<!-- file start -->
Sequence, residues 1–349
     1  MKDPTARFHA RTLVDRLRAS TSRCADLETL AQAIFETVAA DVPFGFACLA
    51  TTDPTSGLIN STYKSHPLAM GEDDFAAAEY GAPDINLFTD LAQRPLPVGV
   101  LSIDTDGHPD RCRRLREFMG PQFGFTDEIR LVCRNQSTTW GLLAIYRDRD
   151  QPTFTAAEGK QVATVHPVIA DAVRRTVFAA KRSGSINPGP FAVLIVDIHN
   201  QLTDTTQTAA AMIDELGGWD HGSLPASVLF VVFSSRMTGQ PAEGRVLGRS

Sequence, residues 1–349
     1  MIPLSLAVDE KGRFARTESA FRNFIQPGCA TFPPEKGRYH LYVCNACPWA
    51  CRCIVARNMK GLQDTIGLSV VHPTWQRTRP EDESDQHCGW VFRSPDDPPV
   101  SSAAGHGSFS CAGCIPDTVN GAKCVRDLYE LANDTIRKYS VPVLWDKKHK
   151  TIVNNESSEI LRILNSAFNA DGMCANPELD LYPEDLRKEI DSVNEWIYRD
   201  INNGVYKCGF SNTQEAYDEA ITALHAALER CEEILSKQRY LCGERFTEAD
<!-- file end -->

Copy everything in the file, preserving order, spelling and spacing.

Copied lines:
Sequence, residues 1–349
     1  MKDPTARFHA RTLVDRLRAS TSRCADLETL AQAIFETVAA DVPFGFACLA
    51  TTDPTSGLIN STYKSHPLAM GEDDFAAAEY GAPDINLFTD LAQRPLPVGV
   101  LSIDTDGHPD RCRRLREFMG PQFGFTDEIR LVCRNQSTTW GLLAIYRDRD
   151  QPTFTAAEGK QVATVHPVIA DAVRRTVFAA KRSGSINPGP FAVLIVDIHN
   201  QLTDTTQTAA AMIDELGGWD HGSLPASVLF VVFSSRMTGQ PAEGRVLGRS

Sequence, residues 1–349
     1  MIPLSLAVDE KGRFARTESA FRNFIQPGCA TFPPEKGRYH LYVCNACPWA
    51  CRCIVARNMK GLQDTIGLSV VHPTWQRTRP EDESDQHCGW VFRSPDDPPV
   101  SSAAGHGSFS CAGCIPDTVN GAKCVRDLYE LANDTIRKYS VPVLWDKKHK
   151  TIVNNESSEI LRILNSAFNA DGMCANPELD LYPEDLRKEI DSVNEWIYRD
   201  INNGVYKCGF SNTQEAYDEA ITALHAALER CEEILSKQRY LCGERFTEAD